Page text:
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The Woman in Black

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The Woman in Black

Postby mrsl » March 22nd, 2014, 11:55 pm


It's been a while since a good discussion has happened on this thread. Referring to a comment you made on the Haven thread about sci-fi vs. paranormal, unfortunately we seem to have more Horror fans than sci-fi or paranormal for which I speak. For years although a 1950's low budget, completely bereft of any visions to come movie, Them has long been the No. 1 favorite sci-fi film in my opinion, and the 1944 Ray Milland/Ruth Hussey The Uninvited has always been my idea of a Top of the Shelf paranormal movie, and even Robert O. agrees with me. Last night however, I finally saw a 2012 movie starring Daniel Radcliffe (Harry Potter), named The Woman in Black [/b]which almost matches up with [b]The Uninvited in being frightful. Daniel has lost his wife and is raising his little boy when he gets an assignment to investigate strange goings-on in a small rural English village. The direction and editing is superb, similar to the( mistake) made in not showing the shark until late in the movie in Jaws. The knowledge that something is happening and something is out there, does no good to the audience at first because Daniel himself is not quite sure what he is supposed to be investigating. It's not until about half way through the movie we finally get to gasp and hold our breath in curiosity, and shock. The director is James Watkins although that means nothing to me - not being nasty, just don't know him at all, but if this is an example of his work, I'm sure he will become more known as time goes by. The gloom, dreary rooms, static music, and subtle acting of Radcliffe (no sense of the Harry Potter kid at all), all added up to a fine paranormal movie with a great ending. No more to be said however.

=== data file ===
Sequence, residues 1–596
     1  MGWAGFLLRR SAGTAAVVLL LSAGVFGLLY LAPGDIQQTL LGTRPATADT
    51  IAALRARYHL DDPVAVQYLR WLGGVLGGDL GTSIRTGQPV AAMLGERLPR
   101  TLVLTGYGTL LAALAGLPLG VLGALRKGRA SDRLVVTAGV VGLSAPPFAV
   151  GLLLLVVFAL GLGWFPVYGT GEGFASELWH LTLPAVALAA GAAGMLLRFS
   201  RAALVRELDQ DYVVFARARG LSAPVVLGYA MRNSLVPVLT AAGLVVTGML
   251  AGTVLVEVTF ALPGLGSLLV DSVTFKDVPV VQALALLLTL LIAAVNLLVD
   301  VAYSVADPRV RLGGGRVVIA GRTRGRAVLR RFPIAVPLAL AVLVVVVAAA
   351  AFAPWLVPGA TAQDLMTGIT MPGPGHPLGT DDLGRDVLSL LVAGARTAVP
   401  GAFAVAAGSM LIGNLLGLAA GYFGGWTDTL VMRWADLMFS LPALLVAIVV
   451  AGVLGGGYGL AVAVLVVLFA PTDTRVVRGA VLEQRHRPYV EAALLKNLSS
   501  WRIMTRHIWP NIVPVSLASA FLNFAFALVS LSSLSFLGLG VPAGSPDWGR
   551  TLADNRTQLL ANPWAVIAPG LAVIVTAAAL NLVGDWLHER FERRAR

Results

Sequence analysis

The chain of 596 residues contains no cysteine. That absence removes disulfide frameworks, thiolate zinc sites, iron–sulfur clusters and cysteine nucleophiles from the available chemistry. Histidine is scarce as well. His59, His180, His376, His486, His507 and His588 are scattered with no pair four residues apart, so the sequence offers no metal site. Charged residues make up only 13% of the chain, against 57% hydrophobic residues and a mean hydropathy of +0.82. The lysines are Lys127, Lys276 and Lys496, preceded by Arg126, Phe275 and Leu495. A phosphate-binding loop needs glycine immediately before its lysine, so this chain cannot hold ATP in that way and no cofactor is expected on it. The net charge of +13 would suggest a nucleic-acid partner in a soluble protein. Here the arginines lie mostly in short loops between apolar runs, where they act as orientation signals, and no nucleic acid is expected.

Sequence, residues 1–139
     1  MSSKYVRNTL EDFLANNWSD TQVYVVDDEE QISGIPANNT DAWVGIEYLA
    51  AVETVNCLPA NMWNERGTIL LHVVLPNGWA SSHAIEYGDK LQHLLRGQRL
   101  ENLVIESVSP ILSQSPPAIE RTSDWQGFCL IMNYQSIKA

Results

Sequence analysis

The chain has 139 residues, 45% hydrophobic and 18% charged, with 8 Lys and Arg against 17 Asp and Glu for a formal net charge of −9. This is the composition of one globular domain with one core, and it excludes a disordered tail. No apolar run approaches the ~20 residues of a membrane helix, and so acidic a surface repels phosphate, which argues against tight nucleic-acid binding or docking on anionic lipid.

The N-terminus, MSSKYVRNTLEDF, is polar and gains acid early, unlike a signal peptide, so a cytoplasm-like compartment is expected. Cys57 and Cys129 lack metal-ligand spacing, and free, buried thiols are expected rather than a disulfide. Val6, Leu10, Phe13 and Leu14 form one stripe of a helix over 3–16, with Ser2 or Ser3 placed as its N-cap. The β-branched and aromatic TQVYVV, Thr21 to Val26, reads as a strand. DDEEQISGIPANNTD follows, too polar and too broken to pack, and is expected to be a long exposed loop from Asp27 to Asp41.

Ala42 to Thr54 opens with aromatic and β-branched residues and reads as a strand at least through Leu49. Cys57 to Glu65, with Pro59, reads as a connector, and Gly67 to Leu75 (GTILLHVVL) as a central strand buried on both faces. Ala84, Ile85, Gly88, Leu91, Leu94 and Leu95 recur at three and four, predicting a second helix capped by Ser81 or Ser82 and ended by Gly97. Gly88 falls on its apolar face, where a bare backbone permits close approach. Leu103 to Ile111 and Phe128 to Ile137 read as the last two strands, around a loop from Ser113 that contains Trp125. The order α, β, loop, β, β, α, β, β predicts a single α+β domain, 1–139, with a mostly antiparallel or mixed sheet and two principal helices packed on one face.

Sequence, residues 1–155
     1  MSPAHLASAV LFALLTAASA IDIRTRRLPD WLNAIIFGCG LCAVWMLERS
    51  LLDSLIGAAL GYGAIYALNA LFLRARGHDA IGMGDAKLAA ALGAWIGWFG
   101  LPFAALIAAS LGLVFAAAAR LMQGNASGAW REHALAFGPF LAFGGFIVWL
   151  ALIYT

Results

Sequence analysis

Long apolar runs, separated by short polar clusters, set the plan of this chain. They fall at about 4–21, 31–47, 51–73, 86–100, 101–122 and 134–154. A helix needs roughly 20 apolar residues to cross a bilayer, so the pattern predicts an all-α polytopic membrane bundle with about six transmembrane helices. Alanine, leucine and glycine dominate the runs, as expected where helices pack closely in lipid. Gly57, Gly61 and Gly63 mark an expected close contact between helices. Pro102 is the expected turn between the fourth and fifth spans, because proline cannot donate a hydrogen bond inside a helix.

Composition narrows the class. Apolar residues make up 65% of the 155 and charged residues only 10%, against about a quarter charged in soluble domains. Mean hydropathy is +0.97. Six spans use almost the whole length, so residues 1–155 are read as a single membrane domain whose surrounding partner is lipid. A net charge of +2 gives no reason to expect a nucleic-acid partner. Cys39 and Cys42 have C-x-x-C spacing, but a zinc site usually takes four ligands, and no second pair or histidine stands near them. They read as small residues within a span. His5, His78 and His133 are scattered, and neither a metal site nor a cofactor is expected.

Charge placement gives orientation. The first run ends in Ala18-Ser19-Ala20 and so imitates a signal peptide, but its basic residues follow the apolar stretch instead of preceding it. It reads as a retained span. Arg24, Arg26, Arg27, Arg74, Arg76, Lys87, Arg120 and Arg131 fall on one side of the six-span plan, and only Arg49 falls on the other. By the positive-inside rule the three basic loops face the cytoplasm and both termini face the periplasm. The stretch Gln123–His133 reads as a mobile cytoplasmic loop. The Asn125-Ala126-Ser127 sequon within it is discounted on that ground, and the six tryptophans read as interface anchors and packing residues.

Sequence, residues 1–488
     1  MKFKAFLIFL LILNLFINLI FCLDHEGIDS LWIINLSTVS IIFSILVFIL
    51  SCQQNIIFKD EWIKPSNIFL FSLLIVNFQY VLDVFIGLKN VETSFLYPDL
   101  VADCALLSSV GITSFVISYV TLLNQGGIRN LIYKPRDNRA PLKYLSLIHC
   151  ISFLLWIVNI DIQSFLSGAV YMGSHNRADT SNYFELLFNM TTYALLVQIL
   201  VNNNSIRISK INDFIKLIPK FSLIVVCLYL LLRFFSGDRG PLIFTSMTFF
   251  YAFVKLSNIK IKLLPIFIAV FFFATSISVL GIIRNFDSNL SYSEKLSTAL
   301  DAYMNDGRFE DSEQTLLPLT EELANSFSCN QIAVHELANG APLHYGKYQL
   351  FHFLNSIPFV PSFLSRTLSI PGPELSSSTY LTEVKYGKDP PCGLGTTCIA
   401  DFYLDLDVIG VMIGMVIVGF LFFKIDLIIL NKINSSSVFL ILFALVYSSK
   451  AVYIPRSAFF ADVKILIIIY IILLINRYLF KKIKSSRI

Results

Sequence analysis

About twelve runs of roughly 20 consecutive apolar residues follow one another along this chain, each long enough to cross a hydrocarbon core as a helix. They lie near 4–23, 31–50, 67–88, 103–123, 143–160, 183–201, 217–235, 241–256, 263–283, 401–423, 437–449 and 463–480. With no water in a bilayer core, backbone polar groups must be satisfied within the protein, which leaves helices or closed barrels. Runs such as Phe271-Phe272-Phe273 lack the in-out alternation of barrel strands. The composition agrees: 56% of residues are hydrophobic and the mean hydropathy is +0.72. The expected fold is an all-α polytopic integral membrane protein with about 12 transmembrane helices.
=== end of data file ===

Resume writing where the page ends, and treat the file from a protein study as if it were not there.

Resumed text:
* * * * * * * * What is past is prologue. * * * * * * * *


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Re: The Woman in Black

Postby MikeBSG » April 1st, 2014, 8:22 pm

I was very impressed with "The Woman in Black" when I saw it a couple of years ago. It did seem to owe a lot to Val Lewton in how it generated fright in the viewer.

The 1968 Japanese movie "The Black Cat" is finally available in the US under the Japanese name "Kuroneko." It's one of those movies that I've heard about but have never seen. However, I like a different film from the same director. "Onibaba" is a very visceral film, sometimes considered a horror film, although I think everything in it can be rationally explained.

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